• brook trout;
  • mottled sculpin;
  • predation;
  • top-down control;
  • trophic cascade


1. In some situations fish have strong top-down effects in stream communities while in others they seem to be relatively unimportant. Differences in the impact of fish may depend on a variety of factors including the foraging mode of the fish, interactions among fish species and temporal variation in environmental conditions and species interactions.

2. We investigated the effect of brook trout (Salvelinus fontinalis) and mottled sculpin (Cottus bairdi) on lower trophic levels in Appalachian streams and whether or not interactions between these fish changed their influence. Mesocosms were placed in a headwater stream in a randomized complete block design. Within blocks, mesocosms were randomly assigned to one of the following treatments: (i) no fish; (ii) sculpin only; (iii) trout only and (iv) both sculpin and trout. Fish biomass was the same in all three fish treatments. Invertebrate density and algal biomass in mesocosms were determined after 3 weeks. We repeated the experiment in the autumn, spring and summer to test for seasonality of fish effects.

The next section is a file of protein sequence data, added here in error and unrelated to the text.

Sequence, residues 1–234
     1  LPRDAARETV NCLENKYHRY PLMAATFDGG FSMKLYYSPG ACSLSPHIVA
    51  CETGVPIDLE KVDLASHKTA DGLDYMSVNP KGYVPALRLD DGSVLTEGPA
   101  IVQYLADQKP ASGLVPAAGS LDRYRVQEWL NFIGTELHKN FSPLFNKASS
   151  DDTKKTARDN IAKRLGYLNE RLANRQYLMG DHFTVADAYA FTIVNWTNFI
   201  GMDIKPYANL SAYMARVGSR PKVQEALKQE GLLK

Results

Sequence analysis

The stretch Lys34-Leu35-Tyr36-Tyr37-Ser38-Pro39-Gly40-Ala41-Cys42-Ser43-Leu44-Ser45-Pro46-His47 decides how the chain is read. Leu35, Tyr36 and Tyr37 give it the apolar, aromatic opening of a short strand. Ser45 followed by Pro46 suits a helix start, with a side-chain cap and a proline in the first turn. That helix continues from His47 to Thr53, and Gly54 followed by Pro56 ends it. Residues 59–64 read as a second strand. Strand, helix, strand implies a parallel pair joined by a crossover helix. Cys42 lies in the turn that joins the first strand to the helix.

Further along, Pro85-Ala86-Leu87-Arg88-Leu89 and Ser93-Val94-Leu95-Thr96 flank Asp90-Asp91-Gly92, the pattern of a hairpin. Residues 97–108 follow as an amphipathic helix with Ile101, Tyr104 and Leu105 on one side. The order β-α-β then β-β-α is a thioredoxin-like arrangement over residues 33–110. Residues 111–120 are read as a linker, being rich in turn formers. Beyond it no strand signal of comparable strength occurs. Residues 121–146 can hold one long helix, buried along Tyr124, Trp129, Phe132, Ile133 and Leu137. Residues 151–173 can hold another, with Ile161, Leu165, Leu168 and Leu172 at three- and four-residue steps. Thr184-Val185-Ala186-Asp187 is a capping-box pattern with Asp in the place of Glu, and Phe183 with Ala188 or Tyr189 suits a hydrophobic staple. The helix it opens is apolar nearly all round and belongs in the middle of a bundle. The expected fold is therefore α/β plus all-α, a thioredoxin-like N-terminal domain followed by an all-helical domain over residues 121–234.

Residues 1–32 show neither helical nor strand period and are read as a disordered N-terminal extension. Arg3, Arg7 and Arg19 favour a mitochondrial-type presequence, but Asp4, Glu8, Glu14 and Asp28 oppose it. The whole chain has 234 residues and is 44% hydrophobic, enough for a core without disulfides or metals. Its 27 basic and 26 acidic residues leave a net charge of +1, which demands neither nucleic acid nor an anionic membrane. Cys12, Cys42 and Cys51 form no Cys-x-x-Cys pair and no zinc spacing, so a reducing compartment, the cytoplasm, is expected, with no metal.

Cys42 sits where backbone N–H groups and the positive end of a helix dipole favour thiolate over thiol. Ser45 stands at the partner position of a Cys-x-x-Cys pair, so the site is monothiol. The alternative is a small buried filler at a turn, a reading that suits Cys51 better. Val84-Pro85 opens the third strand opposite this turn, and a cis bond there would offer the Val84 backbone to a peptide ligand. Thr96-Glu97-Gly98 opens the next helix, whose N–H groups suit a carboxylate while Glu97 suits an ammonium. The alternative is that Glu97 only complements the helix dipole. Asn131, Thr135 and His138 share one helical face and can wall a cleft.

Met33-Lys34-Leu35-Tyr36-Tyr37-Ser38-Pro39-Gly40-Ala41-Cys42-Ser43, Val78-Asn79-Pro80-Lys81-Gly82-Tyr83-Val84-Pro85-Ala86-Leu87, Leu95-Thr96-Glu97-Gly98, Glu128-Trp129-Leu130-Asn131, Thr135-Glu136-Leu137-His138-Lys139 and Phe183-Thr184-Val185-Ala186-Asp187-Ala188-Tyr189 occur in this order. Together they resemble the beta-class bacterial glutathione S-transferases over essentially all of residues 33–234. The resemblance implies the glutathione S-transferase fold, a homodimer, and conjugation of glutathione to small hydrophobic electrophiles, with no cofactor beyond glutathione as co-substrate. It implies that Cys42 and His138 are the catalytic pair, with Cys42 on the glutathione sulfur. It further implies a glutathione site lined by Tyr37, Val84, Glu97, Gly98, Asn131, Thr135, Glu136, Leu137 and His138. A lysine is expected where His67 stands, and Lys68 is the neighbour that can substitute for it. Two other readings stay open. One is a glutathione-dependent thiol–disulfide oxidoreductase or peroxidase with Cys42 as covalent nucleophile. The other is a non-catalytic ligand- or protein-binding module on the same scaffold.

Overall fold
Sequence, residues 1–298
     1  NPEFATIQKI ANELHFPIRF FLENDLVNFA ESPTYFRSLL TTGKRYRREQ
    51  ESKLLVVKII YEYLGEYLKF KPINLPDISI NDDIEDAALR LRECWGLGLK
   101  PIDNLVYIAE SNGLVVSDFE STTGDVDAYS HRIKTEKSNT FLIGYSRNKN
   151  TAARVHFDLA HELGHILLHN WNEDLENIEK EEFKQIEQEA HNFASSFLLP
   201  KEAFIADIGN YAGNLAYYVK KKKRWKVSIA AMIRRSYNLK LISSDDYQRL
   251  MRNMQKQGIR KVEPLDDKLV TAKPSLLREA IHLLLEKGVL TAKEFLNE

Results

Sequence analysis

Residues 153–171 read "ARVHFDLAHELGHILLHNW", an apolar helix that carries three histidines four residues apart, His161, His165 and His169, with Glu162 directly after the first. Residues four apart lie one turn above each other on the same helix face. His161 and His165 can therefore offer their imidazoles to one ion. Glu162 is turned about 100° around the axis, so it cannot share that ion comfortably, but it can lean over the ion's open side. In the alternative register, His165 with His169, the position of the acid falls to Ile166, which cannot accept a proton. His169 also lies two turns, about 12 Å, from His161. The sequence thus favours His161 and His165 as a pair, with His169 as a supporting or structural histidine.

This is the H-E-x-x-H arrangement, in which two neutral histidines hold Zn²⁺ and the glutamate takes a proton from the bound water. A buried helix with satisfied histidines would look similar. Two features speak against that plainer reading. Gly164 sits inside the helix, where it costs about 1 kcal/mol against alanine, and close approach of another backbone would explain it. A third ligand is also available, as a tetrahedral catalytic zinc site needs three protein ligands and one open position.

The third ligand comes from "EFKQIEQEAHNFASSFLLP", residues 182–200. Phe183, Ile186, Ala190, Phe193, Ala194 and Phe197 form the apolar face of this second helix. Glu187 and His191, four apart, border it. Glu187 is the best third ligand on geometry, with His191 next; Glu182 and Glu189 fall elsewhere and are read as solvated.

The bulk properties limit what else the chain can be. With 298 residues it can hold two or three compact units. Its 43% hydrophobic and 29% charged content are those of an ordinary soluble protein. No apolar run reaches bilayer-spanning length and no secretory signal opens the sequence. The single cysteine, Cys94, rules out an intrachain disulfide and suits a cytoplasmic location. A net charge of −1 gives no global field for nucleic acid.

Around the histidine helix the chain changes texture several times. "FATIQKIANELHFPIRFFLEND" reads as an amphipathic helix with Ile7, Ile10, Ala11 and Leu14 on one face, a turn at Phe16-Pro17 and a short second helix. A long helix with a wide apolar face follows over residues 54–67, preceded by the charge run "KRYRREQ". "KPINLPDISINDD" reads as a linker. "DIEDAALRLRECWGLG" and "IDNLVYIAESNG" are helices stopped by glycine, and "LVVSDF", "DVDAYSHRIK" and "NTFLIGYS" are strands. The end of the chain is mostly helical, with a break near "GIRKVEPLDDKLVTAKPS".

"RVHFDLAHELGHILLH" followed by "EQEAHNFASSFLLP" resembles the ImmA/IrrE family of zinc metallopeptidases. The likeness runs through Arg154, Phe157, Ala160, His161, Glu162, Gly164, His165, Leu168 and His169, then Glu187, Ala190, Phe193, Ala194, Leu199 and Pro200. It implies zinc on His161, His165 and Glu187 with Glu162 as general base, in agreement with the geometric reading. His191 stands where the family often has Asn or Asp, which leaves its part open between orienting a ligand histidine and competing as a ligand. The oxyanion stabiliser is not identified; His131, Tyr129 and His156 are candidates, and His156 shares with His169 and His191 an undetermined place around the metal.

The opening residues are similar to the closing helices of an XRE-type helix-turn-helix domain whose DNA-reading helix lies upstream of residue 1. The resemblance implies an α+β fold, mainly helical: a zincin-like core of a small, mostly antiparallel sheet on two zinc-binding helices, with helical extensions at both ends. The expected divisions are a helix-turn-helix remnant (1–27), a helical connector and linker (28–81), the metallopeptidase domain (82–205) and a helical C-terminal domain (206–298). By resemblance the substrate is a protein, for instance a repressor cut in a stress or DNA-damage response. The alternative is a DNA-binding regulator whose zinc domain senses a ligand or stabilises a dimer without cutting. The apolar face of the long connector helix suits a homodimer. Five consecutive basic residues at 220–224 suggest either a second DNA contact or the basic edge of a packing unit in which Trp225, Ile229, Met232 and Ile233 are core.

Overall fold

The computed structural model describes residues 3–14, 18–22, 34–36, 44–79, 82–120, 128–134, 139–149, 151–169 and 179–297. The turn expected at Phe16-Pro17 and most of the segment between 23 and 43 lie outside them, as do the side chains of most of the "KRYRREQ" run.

3. The effect of fish on invertebrate assemblages was seasonal and depended on prey identity. Sculpin strongly suppressed grazer abundance in spring while trout had little effect on grazers in any season. The influence of both fish on insect predators was similar and relatively constant across seasons. We found little evidence of an interaction between sculpin and trout that strongly influenced their effect on prey across seasons.

4. None of the fish treatments influenced algal biomass during any of the seasons. Algal growth was also seasonal, with a two- to four-fold increase in algal biomass in spring compared to autumn and summer.

5. Our results indicate that benthic and drift feeding fish differ in their effects on some, but not all prey. Furthermore, fish effects on prey were strongly seasonal for some, but not all prey types. While the temporal context is not commonly considered, our results indicate seasonality can be an important component of predator–prey interactions in streams.